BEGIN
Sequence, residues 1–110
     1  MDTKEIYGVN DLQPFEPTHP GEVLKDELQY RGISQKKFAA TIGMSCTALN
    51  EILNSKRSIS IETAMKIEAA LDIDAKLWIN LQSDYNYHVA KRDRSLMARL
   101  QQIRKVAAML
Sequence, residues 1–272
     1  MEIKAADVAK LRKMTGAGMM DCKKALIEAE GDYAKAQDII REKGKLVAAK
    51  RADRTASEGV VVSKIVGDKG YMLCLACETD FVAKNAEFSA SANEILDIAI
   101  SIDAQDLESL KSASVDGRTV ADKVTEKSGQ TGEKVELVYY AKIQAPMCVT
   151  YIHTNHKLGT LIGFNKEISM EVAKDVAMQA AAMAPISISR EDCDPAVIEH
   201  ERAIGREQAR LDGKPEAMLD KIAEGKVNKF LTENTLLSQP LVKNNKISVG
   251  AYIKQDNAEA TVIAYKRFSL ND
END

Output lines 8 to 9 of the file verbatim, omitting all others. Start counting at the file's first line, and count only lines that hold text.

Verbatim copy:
   101  SIDAQDLESL KSASVDGRTV ADKVTEKSGQ TGEKVELVYY AKIQAPMCVT
   151  YIHTNHKLGT LIGFNKEISM EVAKDVAMQA AAMAPISISR EDCDPAVIEH